“What is this country coming to?” The opening line of Girish Karnad’s compelling play Tughlaq has come back to haunt us. Karnad is among 25 Kannada writers and intellectuals who have been given police protection following the shocking murder of Gauri Lankesh. For thinkers are in danger. Writers, creative artists, teachers, journalists and people who think for themselves stand in the way of the slow destruction of the pluralistic democracy that defines our nation.

This is the age of hollow men, headpiece filled with straw, leaning together, with dried voices. We must not think for ourselves, or speak out. This is the age of submission, of silence.

Why else would writers need police protection? Traditionally writers were protected by readers, by a society that valued writers, artists, teachers, thinkers. But for years intolerance of inconvenient thought has been growing – now we have allowed it to escalate into the shameless murder of dissent.

After Gauri was killed in Karnataka, Hindu Aikya Vedi leader K.P. Sasikala warned secular writers in Kerala of a similar fate, and suggested they do a mrityunjaya homam – a puja to ward off death. A couple of months ago K.P. Ramanunni, the Malayalam writer who advocates Hindu-Muslim harmony, got a death threat. Earlier, Tamil  writer Perumal Murugan had decided to counter sustained threats and attacks by Hindu fundamentalists by announcing his own death as a writer. He would live, he announced, but wouldn’t ever write again.

These are just a few cases among many that made headlines recently. Away from the spotlight, the powerless idealists in lawless hinterlands, small towns and villages continue to get beaten up, maimed or killed for reporting facts or writing what they believe in. As Hindutva nationalists try to snip off the diverse threads that weave our vibrant, multi-textured culture together to create a single-dimensional upper-caste, male, Hindu narrative, ideas that stand in the way pose a threat to their manufactured reality.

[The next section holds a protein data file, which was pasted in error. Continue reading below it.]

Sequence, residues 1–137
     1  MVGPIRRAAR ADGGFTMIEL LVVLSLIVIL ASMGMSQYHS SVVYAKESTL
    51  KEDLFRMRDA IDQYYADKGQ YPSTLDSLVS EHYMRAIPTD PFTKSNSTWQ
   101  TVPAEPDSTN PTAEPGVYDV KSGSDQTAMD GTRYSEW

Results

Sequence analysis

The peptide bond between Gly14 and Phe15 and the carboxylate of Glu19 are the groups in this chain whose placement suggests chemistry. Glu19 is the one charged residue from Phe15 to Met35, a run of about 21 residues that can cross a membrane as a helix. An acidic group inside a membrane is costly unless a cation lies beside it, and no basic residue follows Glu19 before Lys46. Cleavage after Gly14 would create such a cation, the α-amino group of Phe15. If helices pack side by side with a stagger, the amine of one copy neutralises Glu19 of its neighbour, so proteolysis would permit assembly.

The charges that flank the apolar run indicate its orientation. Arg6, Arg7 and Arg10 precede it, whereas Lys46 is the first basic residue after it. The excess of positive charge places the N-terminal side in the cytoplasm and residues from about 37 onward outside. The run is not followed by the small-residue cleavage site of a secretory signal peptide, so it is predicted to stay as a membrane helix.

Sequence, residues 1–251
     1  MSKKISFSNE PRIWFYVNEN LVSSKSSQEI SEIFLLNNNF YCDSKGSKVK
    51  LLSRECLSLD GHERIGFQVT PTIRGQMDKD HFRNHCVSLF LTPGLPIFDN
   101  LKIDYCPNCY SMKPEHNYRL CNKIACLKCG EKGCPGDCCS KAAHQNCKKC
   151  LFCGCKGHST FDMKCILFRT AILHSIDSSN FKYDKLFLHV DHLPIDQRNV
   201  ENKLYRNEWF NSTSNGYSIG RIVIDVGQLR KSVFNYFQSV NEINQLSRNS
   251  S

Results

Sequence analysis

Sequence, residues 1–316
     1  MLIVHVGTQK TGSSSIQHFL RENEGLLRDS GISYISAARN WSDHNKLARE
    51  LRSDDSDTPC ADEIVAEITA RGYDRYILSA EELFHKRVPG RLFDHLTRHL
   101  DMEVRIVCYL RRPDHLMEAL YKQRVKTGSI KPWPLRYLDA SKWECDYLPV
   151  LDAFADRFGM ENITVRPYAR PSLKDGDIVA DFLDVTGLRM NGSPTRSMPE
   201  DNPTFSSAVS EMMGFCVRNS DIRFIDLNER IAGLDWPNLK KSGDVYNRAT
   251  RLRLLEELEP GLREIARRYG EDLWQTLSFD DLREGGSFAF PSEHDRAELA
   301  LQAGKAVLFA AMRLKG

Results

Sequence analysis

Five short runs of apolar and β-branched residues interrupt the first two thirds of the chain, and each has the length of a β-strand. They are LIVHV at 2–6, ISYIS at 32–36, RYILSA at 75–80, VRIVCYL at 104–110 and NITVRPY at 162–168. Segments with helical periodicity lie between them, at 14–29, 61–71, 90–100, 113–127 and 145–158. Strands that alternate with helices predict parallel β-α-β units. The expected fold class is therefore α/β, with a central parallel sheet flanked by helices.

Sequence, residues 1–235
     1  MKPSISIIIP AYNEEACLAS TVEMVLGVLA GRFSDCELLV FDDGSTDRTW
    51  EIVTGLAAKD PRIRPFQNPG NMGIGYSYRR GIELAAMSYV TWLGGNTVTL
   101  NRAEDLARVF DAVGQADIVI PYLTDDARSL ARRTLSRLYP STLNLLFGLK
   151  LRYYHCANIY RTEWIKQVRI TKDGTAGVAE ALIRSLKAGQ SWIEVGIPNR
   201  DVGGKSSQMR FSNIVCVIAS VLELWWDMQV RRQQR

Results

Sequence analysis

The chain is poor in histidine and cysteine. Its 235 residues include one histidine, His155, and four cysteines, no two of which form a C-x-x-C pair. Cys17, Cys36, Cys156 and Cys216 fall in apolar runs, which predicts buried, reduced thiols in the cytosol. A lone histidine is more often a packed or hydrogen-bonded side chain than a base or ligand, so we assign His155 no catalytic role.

Ideas have always been dangerous. They refuse to be cowed down by authority, or confined by geography.  They spread from mind to mind, skipping over hedges, leaping across rivers and seas, soaring to touch the sky and bring back the ardour of the sun or the calm of the moon, to scatter across this earth the stars that seem so out of reach.

Which is why purveyors of ideas are very dangerous people. They speak to a multi-religious, multi-ethnic, multi-lingual, multi-cultural India. And terrify those who want to squeeze our unwieldy,  untidy reality into a plastic, trishul-shaped mould. No wonder they are under attack.

And over the years, we have allowed the attacks to grow. From banning books to vandalising libraries and burning texts, from attacking art to hounding artists and chasing Husain out of India, to lynching people targeted as the other and brazenly harassing anybody who doesn’t conform to my idea of my country. From Salman Rushdie’s book banned to placate Muslims to Wendy Doniger’s book banned to placate Hindus, we have come a long way while staying rooted to the same spot.

Because we like to magnanimously grant wishes to interest groups for narrow political gain, often going against the basic principles that our nation was founded on. If we really believed in equality as guaranteed by the constitution, maybe none of this would have happened.

So now, instead of introspecting on what went wrong, we are either gloating over the ‘well-deserved’ murder of a gutsy journalist, or moving the dialogue towards who killed her. We know who killed her. We may not know who pulled the trigger, but we know who are celebrating her murder. And we know who were behind the murder. We all were.

We have all failed Gauri, my old colleague from Sunday magazine. The state failed her, by allowing and encouraging ‘non-state actors’ who wreak violence on critics and independent thinkers. The media failed her by either cowering before power or by supporting power beyond the call of duty, by being lured by profit, cosying up to the establishment, brushing aside basic journalistic ethics.

The new and more democratic media, social media, is the Wild West of curious comments and jubilant jibes, where unmoderated hostility and violence roll on, gathering support in a realm that defies logic, facts and decency. Right-wingers were always cheerfully vocal on these forums, and moderates and liberals found getting down to that crass level beneath their dignity. So the bigots ruled the net, creating an illiberal reality that was a lie and deeply problematic for a pluralistic culture.